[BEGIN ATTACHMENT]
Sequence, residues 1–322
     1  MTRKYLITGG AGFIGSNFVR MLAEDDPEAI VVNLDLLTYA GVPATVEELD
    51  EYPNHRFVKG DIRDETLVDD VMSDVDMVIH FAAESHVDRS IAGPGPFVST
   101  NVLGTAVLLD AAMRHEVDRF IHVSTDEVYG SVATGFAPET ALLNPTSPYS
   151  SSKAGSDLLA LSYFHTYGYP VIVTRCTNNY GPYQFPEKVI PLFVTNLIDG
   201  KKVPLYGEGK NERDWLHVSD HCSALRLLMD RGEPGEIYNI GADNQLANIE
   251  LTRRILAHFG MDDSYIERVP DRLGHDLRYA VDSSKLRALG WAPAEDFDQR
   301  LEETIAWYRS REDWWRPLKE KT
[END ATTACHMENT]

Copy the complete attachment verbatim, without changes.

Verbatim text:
Sequence, residues 1–322
     1  MTRKYLITGG AGFIGSNFVR MLAEDDPEAI VVNLDLLTYA GVPATVEELD
    51  EYPNHRFVKG DIRDETLVDD VMSDVDMVIH FAAESHVDRS IAGPGPFVST
   101  NVLGTAVLLD AAMRHEVDRF IHVSTDEVYG SVATGFAPET ALLNPTSPYS
   151  SSKAGSDLLA LSYFHTYGYP VIVTRCTNNY GPYQFPEKVI PLFVTNLIDG
   201  KKVPLYGEGK NERDWLHVSD HCSALRLLMD RGEPGEIYNI GADNQLANIE
   251  LTRRILAHFG MDDSYIERVP DRLGHDLRYA VDSSKLRALG WAPAEDFDQR
   301  LEETIAWYRS REDWWRPLKE KT